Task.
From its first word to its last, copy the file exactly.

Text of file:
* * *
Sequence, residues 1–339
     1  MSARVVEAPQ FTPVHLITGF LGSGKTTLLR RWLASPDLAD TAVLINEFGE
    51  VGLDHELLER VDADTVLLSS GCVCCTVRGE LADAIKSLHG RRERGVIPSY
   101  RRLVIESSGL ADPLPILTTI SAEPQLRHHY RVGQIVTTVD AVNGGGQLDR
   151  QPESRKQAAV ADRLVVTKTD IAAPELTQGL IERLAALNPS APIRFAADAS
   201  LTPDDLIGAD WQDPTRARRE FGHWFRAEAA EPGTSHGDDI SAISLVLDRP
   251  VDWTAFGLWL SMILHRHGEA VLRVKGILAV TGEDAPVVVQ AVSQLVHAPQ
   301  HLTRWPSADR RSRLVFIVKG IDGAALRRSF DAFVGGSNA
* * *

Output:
Sequence, residues 1–339
     1  MSARVVEAPQ FTPVHLITGF LGSGKTTLLR RWLASPDLAD TAVLINEFGE
    51  VGLDHELLER VDADTVLLSS GCVCCTVRGE LADAIKSLHG RRERGVIPSY
   101  RRLVIESSGL ADPLPILTTI SAEPQLRHHY RVGQIVTTVD AVNGGGQLDR
   151  QPESRKQAAV ADRLVVTKTD IAAPELTQGL IERLAALNPS APIRFAADAS
   201  LTPDDLIGAD WQDPTRARRE FGHWFRAEAA EPGTSHGDDI SAISLVLDRP
   251  VDWTAFGLWL SMILHRHGEA VLRVKGILAV TGEDAPVVVQ AVSQLVHAPQ
   301  HLTRWPSADR RSRLVFIVKG IDGAALRRSF DAFVGGSNA